Black Album bio - November 2018

From Weezerpedia
As I mentioned over in this thread, I wrote the bio for the Black Album that gets sent out with the record to journalists, promoters, etc. — obviously I couldn't put everything in the bio, so here's the transcript from our conversation. I interviewed Rivers and Dave Sitek together back in November 2018 — at this point the only songs that were complete were "Can't Knock The Hustle," "Zombie Bastards," which at the time was called "Die, Die You Zombie Bastards" and "Living In L.A.," which at the time was still called "This Girl." ("California Snow" was already released at this time but I do not believe it was planned to be on Black, which is why I didn't really ask about it.) "High As A Kite" was the next song that was finished, about a week or so after our interview. I trimmed out a few things from this conversation that don't really matter at all (sometimes you attempt a line of questioning that goes nowhere), but more or less, this is the whole thing.

Anyway, here's "Wonderwall."

INTERVIEW: Scott Heisel

Scott Heisel: Where are you at with the album?

Rivers: We’re still tweaking stuff. There’s 4 or 5 songs totally done. The other 5 are probably 60% done. I hope it’s done this month. It’s all written, we’re just waiting on Sitek to get back from working on the Grouplove record. It should go pretty quick.

Scott Heisel: What’s the biggest piece of the pie yet to be completed?

Rivers: I’m not 100% sure because I haven’t gone over there yet. I know the guys have been recording a lot. I think most of the basic tracks are done.

Scott Heisel: When do you know a song is done?

Rivers: I like to work really hard on my own at my house, in my studio, and I get feedback from my manager and Dave and the guys in the band. I’ve been getting feedback from Michael Beinhorn recently, he’s been giving me a lot of good advice. Then we go into the studio and keep asking the questions, “Could this line be any better? Is there anything about this track that’s bothering me?” Just keep refining it and making it better. By the time we get to the mixing stage, I’m a little more hands off. Actually with each step along the way, I get less involved. I’m 100% in on the writing, and then when it comes to producing and tracking, the ball’s more in Dave’s court and the guys in the band. As for mixing, I may have a comment, that’s all. By the time it gets to mastering, I’m already working on the next record.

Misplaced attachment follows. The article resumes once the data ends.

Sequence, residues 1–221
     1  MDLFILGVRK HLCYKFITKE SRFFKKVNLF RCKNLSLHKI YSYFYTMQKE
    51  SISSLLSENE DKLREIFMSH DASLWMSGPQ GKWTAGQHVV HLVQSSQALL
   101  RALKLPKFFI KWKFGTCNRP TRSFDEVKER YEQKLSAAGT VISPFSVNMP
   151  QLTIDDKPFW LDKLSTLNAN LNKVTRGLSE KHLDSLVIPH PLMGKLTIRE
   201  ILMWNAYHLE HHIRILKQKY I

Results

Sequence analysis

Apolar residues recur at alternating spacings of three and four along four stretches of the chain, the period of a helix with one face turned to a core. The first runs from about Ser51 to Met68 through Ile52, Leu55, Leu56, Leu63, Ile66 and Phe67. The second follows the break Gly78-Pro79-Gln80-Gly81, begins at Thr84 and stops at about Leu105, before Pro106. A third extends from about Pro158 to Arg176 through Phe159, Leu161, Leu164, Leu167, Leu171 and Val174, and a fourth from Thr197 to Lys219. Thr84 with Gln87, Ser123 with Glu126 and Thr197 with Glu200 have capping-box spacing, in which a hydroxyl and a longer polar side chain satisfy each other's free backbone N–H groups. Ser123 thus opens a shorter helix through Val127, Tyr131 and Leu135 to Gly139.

Scott Heisel: Do you look forward to that point in the process, where you can let go?

Rivers: I dunno. I have such a strange perspective on things now. I can’t even relate to what it used to be like to be in a band. Things are so different now. I don’t know if it’s changed for everybody or just for me. But the way things are for me, I’m working on so many different records at once. EPs, singles, different kinds of collaborations. There’s all these different irons in the fire. All these different fires going, and I’m tending to all of them. I don’t have this feeling like a single album is my universe anymore. If one egg hatches, then it doesn’t really change my overall picture. There’s still a whole mess of eggs to nurture. And there’s always new ones coming along.

Scott Heisel: The first time you mentioned Black was before White even came out. How far back does this idea go? Has it always been intended to be a response to the White album?

Rivers: The two were kind of born at the same moment. We were performing at some TV show, and my manager came in the dressing room and said, “All right, you’re not gonna like this, but how about we call this album the White Album?” and I kind of groaned. And then he said, “And that means the next album can be the Black Album!” and I was like, that’s cool, I’m in. That’s all it was.

Scott Heisel: Is there anything on Pacific Daydream that had been earmarked for Black, or vice versa?

Rivers: Yeah, it’s hard to keep track. The whole Black album got scrapped. I really liked it, my manager really liked it, but nobody else on earth liked it. So we ended up having to shelve the whole thing. I performed one song live called “Cardigan Disaster,” so some fans have that acoustic version. I think I managed to re-work some of those ideas for the new Black album. This album was known as the Sitek album for most of the time we were working on it, then we just decided to take the Black title and stick it on this one, and it fits pretty well.

Scott Heisel: How far back does the songwriting for this album go?

Rivers: I do a lot of cut-and-paste now. I’ll take a verse from here and a chorus from there. I have everything organized so well in my computer and in Dropbox. I have this app called MP3 Tag that I can see all my music files on there, and there’s like 50 different tags I have so I can look for a verse at 83 beats per minute where the melody starts on the third scale degree and the mode is not mixolydian or phrygian. I can get super-specific. I can draw on music ideas from anywhere in my history. There’s bits and pieces from any Weezer decade on this album.

Scott Heisel: You re-tooled “Burning Sun” into “Weekend Woman” on Pacific Daydream with this approach, right?

Rivers: I would consider something like a “Burning Sun” fair game for this record. Yeah, it did leak 20 years ago, but it’s fair game. I would definitely make use of that kind of bit if we needed it.

Scott Heisel: Dave, when were you first approached by the band to work with them?